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Tuesday, November 13, 2012

Characters and Technology

Last week I talked about pop culture references in fiction and one of the things that came up as I wrote about it was how characters interact with technology. That's something I wanted to delve into a little more deeply.

Technology is part of our everyday lives, woven deeply into the fabric of our worlds. I see people all the time in real life who are surgically attached to their cell phones. This seems to be more usual than my extreme aversion to the telephone in all its forms. :-) Although, if I had a smart phone, I'd readily be addicted to the internet portion of the phone. I just hate the talking part.

Anyway, with paranormal romance, I feel like I have a bit more leeway. My Blood Feud stories have featured vampires and demons mostly and not very many humans. I have no problem with a 500-year-old vampire not having a cell phone, but in stories like my Light Warrior books, these characters are magical people who are living human lives. They have cell phones. And other technology.

Which leads to the question I asked last week: How can a writer keep references she/he makes in their story to technology or other pop culture things from dating the story?

It colors characterization, too. I have a hero who is ex-Special Forces. I actually had to find out why he doesn't play video games. That he doesn't goes all the way back to his childhood, but this isn't a subject I normally quiz my characters about. But everyone plays video games now, so I need to know why he didn't. At least I don't have to worry about his choice of games or gaming systems dating the story!

I also have that same hero receive a voice mail from his heroine on his cell phone. I spent time thinking about why she called him instead of texting him because she didn't want to talk to him live and had planned to roll to his voice mail.

It could be worse. There are authors who've been around a lot longer than ten years and they're talking about old books they wrote where the entire plot would fall apart if the character had a cell phone. Some of them talked about putting a note up front to tell readers the story was written before phones were everywhere.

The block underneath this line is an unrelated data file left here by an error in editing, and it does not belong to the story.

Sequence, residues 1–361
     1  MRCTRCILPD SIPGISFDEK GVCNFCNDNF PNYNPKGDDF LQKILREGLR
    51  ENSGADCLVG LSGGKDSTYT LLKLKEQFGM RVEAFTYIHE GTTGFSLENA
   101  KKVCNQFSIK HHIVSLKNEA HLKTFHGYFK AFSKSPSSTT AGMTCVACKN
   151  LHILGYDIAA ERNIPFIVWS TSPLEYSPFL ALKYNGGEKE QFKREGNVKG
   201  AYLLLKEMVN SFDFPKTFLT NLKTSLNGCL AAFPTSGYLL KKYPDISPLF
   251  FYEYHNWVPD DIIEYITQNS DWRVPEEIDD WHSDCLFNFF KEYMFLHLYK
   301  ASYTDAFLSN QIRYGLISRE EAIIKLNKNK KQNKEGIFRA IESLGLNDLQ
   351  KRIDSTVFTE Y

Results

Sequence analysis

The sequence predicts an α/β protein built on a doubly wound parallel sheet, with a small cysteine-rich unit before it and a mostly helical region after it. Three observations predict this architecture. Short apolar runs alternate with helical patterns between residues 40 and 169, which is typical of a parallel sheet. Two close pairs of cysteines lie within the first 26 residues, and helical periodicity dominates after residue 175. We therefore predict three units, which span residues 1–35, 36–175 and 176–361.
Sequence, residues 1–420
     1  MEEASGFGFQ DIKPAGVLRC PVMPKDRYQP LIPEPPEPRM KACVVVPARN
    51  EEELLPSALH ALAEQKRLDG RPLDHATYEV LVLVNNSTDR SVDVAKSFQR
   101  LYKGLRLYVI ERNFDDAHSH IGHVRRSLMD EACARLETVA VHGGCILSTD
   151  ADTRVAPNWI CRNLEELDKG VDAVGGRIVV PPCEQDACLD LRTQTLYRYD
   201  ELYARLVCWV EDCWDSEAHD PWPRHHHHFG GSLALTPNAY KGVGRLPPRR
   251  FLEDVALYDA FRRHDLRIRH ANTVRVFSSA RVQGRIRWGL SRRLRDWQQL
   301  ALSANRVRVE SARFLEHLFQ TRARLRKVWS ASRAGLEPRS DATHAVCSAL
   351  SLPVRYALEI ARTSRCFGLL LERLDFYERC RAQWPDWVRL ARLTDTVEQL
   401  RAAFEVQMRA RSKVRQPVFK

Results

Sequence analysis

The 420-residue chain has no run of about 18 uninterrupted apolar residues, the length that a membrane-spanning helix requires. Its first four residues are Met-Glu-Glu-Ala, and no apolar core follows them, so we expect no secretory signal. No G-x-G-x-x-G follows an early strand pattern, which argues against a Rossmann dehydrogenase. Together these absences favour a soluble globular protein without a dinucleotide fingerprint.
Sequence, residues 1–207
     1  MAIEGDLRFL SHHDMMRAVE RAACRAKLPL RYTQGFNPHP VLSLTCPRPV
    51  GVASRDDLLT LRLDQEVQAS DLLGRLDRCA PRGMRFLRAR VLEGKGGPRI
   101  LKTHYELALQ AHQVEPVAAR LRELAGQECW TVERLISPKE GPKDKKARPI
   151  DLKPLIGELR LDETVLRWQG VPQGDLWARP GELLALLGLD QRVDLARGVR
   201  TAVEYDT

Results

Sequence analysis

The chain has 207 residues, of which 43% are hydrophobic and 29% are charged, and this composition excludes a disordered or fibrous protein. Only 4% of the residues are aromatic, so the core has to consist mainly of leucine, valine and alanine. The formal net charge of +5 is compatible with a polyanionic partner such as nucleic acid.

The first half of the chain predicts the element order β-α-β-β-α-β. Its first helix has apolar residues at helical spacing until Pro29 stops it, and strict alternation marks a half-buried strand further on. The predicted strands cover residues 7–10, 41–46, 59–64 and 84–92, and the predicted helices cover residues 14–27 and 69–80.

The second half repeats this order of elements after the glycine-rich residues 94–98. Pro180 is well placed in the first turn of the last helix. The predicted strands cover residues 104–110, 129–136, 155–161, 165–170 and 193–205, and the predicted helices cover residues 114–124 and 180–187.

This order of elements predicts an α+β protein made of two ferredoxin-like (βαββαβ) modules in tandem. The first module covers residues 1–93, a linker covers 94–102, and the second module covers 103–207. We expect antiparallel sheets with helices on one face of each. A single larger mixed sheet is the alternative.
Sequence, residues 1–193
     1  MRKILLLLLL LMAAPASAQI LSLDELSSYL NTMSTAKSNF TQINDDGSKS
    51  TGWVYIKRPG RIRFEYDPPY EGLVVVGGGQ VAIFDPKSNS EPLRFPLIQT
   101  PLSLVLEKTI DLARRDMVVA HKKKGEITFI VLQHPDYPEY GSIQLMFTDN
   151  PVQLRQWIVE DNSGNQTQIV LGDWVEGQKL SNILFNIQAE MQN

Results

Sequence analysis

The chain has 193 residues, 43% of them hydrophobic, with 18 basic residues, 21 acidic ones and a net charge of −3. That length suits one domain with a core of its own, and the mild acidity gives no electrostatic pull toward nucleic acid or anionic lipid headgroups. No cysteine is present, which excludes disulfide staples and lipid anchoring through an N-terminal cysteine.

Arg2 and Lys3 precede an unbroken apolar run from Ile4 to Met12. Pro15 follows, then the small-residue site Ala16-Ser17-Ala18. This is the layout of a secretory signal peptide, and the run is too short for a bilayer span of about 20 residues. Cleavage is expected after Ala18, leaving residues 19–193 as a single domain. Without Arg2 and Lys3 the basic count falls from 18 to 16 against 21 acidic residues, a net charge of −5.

One of the things that was so hard when I wrote one of my futuristics was computers. In the research I'd done, there'd been speculation on where keyboards were going. There were a lot of different options to pick from and I deliberately stayed very, very vague about how my heroine accessed the computer system. And even making that choice, I had to revise the text more than once to take out a stray reference to typing.

I have an idea for a story involving computers and a heroine who works in the field. Now granted, it's an idea that's down on the To Do List a ways, but I'm already worrying about the technology and how fast the story would be out of date.

The other day, I read a story about Generation Y (AKA the Millennials) and how so many of them don't own cars! That they're buying houses, renting apartments on subway lines or bicycling into work. Of course, geography plays a role in this. I'm guessing Los Angeles is still auto focused and in Atlanta, you'd take your life into your hands riding a bike to work down here, but now this is another factor to consider in stories. Characters and cars and that a lot of 26-year-old men and women don't own cars.

I'm not sure it ever ends--the things writers need to know and worry about--because it's all about making the characters real and that means knowing what music they listen to and how they get around town. But these very things put a book solidly into a time frame.

So basically I haven't figured out how to balance grounding a story and making it and the characters real versus dating it quickly as being from a certain time period. I hate being in a quandary like this.